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Revision of death penalty system urged
Updated: 2004-12-26 09:01

Chinese experts and officials in criminal justice said at a human rights symposium that China should revise its approach to death penalty by rescinding the right of provincial courts to have the final say on executions.

"When it comes to life or death, we have to be very cautious," said Wang Mingdi, vice president of the China Penology Society, adding that the move will help reduce death roll numbers and prevent miscarriages of justice.

The Supreme People's Court (SPC) said it is studying how to revoke the approval right of executions from lower courts, after top officials of the SPC repeatedly said this year that the reform should be carried out when it is suitable.

China's current laws dictate that all death penalty ruling, given by local intermediate people's courts or above, should be submitted to the SPC for approval, but in cases involving violent crimes like murder, rape, and robbery, provincial higher courts are entitled to approve executions.

Wang said the Organic Law of the People's Court of China, a law that allows lower courts to have the execution approval right, was promulgated in 1983 when intensified efforts were made to crack down on rampant crimes. "But now, the situation is very different from what it was 20 years ago," he said.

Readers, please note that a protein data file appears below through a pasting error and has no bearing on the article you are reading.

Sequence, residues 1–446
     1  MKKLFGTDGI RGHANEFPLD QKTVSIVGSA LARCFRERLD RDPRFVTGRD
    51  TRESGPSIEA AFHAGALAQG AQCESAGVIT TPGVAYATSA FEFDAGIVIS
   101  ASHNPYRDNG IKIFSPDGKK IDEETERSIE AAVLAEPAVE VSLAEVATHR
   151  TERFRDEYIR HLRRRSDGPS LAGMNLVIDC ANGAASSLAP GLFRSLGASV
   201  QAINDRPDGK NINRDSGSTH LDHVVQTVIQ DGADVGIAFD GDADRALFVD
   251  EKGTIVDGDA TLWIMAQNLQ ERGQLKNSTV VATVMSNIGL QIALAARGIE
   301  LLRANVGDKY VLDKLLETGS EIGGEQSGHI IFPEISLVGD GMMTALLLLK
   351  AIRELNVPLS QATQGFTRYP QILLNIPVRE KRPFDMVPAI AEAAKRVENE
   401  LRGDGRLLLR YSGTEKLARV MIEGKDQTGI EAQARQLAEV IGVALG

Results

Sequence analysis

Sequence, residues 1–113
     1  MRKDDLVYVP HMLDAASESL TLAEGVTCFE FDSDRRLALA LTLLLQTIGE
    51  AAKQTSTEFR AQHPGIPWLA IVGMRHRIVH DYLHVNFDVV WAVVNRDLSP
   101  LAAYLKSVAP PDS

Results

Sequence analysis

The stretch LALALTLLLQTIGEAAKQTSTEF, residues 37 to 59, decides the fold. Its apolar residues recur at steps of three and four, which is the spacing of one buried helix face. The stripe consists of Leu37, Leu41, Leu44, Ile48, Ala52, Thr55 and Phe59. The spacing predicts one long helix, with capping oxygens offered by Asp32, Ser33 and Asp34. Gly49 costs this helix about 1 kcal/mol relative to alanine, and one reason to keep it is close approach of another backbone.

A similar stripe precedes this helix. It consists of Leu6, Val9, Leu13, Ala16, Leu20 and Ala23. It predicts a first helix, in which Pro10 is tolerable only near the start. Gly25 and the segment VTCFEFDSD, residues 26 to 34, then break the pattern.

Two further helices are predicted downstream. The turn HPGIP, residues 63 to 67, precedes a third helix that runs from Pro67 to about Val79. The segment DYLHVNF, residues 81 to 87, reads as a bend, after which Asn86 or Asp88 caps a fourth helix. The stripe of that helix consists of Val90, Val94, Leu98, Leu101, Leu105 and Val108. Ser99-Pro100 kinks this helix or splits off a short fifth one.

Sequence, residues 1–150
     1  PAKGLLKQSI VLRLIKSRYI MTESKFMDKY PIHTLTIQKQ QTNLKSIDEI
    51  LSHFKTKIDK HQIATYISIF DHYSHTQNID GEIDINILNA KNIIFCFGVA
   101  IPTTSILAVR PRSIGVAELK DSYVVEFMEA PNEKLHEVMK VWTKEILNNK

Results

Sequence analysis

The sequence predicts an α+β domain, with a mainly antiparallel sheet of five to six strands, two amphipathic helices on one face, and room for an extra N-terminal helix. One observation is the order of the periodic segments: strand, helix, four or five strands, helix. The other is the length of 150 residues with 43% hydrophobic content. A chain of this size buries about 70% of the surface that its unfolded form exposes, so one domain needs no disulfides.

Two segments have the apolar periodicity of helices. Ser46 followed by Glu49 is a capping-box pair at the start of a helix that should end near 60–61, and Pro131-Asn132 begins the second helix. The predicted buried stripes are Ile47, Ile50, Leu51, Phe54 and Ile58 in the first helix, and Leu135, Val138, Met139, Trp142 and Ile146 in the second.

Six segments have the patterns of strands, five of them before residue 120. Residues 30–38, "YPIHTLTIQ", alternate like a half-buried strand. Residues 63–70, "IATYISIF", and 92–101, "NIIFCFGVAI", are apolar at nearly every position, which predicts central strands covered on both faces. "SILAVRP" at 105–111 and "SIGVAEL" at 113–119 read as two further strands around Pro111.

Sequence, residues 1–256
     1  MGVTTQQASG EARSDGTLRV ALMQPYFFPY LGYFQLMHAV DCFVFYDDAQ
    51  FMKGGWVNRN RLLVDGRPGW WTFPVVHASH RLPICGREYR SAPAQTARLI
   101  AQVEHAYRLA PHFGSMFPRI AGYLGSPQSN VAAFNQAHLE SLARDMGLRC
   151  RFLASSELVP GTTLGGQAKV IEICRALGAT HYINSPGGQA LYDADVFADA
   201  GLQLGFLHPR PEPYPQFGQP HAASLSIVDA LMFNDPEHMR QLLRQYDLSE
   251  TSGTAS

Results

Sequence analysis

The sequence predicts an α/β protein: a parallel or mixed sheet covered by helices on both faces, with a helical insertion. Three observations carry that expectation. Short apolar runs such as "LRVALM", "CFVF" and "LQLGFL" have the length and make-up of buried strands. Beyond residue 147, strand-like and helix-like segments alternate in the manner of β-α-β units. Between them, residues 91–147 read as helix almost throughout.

Sources close to the SPC told Xinhua that large proportions of death penalty cases are approved by provincial courts and only those very important cases are submitted to the supreme court.

"Due to varied court standards, people who commit similar crimes are put to death in some provinces but kept alive in others," said Liu Zuoxiang, law professor of the Chinese Academy of Social Sciences.

He said when the approval right is reserved to the supreme court there will be only one set of standard and people will feel safer of the death penalty system.

"Life is so precious for everyone that it can't be taken away just as provincial courts rule so," said Yang Qingxiang who was president of the Jilin Provincial Higher People's Court from 1992 to 2000.

He said if the supreme court has the last say on executions, miscarriages of justice can be largely prevented.

Lu Jianping, law professor of the People's University of China said Chinese academics have been long advising to revise execution approaches and the campaign is joined by the public in recent years when human rights concepts are starting to take roots in China.

In March, the China Youth Daily said Xiao Yang, president of the SPC, revealed that China is deliberating on whether to rescind the execution approval right from lower courts.

In October, Huang Songyou, vice president of the SPC echoed with Xiao, saying the move will better protect the human rights of death roll inmates.

However, sources with the SPC said laws should be revised and submitted to the legislature for review before any possible changes are made.

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